ACOSTA: The community is opening its doors to these people. Church members and parishioners and pastors have been by the scene to see what can be done.

But also, many of these relatives are at area hospitals at this time, taking care of and looking after the children that did survive this fire. There are many left to be taken care of.

And at this point, we're just going to have to see how those children do. Some of them are in serious condition. But at this point, the survivors of this fire do apparently have places to turn to. There's a neighbor just across the street who's already invited them into their home -- Rob.

MARCIANO: Jim Acosta, live for us in the Bronx this morning.

Thanks, Jim.

COLLINS: Trouble this morning for a former Navy enlisted man. He is accused of espionage and helping a suspected terrorist network.

Homeland Security Correspondent Jeanne Meserve joining us now live from Washington with more details on this story.

Jeanne, who is this man and what exactly did he do?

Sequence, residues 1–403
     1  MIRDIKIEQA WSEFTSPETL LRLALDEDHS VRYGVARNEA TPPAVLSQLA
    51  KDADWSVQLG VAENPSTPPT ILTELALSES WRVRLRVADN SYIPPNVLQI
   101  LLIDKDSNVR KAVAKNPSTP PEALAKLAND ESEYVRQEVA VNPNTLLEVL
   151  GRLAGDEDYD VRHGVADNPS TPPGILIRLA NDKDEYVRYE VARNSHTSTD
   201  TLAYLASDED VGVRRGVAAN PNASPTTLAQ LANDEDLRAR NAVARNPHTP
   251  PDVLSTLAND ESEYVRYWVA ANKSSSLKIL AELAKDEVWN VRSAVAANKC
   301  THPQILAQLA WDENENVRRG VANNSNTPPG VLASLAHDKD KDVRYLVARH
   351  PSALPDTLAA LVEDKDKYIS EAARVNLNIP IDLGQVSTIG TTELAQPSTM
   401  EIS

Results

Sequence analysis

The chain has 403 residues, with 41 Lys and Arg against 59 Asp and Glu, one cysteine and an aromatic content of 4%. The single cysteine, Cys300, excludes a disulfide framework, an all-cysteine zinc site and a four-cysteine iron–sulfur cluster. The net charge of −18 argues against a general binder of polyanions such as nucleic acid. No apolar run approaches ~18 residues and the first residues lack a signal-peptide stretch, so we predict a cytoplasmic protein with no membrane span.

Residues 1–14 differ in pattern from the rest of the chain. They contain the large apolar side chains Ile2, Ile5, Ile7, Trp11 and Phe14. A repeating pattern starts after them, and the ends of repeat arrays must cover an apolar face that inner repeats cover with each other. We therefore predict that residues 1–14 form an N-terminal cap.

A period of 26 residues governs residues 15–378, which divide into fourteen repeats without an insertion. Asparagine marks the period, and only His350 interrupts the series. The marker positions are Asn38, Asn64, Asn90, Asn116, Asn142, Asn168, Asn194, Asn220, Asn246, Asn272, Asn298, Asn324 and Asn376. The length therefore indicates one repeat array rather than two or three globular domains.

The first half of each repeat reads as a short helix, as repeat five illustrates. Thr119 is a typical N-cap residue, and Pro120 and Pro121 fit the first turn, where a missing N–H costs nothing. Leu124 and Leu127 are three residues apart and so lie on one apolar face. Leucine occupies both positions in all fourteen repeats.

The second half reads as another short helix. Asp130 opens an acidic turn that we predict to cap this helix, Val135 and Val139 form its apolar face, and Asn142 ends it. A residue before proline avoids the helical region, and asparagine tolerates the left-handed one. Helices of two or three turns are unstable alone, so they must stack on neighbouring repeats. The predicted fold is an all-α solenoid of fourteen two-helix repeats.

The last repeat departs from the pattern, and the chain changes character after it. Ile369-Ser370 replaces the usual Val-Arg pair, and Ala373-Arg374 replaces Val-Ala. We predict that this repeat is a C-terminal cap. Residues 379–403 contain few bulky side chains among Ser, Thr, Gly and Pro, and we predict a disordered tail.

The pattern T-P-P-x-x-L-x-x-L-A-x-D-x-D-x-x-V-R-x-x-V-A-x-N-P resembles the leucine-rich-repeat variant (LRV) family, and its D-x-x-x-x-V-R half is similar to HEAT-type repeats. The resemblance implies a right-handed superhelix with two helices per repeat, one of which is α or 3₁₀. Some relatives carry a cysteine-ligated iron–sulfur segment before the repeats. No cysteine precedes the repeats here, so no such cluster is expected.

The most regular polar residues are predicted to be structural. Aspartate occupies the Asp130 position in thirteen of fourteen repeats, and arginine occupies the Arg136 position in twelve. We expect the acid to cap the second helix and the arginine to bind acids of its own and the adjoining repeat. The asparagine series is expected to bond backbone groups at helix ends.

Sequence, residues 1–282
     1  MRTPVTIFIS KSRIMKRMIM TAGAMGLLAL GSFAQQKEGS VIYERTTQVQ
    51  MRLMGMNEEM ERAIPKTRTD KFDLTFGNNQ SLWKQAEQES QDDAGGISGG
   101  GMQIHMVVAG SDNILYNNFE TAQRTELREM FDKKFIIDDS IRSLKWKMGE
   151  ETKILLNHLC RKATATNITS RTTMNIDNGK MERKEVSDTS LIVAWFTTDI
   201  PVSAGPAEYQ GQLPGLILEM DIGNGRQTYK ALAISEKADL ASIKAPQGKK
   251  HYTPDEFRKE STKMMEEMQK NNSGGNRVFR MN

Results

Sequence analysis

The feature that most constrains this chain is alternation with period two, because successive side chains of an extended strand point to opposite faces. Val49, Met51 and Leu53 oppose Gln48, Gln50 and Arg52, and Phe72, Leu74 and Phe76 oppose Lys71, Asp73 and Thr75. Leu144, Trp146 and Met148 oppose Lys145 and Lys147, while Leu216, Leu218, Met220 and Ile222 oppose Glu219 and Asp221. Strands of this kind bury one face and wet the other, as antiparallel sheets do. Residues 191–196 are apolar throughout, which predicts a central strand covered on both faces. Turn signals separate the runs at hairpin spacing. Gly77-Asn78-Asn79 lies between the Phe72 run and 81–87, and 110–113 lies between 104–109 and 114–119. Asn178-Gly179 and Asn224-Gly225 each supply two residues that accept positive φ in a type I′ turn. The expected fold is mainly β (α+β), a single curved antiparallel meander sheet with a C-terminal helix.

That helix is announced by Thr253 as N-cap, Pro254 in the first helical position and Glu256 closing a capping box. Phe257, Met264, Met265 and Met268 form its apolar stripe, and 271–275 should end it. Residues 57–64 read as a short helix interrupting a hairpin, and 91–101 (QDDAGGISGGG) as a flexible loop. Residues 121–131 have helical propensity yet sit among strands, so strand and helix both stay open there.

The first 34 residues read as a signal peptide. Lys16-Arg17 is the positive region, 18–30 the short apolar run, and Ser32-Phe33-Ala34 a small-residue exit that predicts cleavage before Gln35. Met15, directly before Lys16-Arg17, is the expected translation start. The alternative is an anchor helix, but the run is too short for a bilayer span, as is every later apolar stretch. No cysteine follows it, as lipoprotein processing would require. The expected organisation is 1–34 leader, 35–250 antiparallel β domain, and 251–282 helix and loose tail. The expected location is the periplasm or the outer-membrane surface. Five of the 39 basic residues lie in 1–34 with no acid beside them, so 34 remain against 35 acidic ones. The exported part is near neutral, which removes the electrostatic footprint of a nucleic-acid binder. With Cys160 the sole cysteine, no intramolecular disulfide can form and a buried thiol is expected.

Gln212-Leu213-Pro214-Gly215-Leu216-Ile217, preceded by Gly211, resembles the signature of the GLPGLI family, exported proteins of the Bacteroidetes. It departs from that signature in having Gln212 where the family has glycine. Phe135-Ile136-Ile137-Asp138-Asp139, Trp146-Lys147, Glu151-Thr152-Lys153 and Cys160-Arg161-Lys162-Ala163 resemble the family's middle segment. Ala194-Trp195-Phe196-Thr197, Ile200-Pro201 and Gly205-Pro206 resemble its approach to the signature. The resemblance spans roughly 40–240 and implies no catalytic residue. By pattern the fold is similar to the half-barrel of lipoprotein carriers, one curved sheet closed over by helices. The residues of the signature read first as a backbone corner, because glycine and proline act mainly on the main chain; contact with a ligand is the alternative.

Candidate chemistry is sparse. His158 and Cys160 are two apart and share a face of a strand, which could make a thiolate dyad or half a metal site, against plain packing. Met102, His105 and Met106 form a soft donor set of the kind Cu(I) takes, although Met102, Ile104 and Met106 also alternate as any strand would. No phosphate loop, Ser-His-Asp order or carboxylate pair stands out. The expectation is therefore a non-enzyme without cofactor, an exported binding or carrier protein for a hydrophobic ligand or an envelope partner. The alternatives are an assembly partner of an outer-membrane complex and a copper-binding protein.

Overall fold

JEANNE MESERVE, CNN HOMELAND SECURITY CORRESPONDENT: Well, he's accused of passing secrets about Navy ships' movements and how they could be attacked. And he was on board one of those ships.

His name is Hassan Abujihaad, although he is known also as Paul R. Hall. He was serving on the USS Benfold in the Middle East in 2001, when he allegedly disclosed information about his battle group.


DEBORAH MCCARLEY, FBI SPECIAL AGENT: He provided details of a battle group's transition or a battle group's movements from one place to another as they engaged in missions concerning al Qaeda and as they were enforcing sanctions against the Taliban.


MESERVE: The government says Abujihaad was passing the information to Azzam Publications, a group which ran a Web site dedicated to jihadist causes. Two men associated with that site are in custody in Britain and are charged in the U.S. with providing money and equipment to jihadists in Chechnya and Afghanistan.

It was during that investigation that the classified information and e-mails from Abujihaad turned up. In those e-mails, he allegedly discusses a security briefing given on a ship and praises those who staged the attack on another Navy vessel, the USS Cole.

COLLINS: We remember that one very well.

Jeanne, have investigators found any other possible links to terrorism in this case?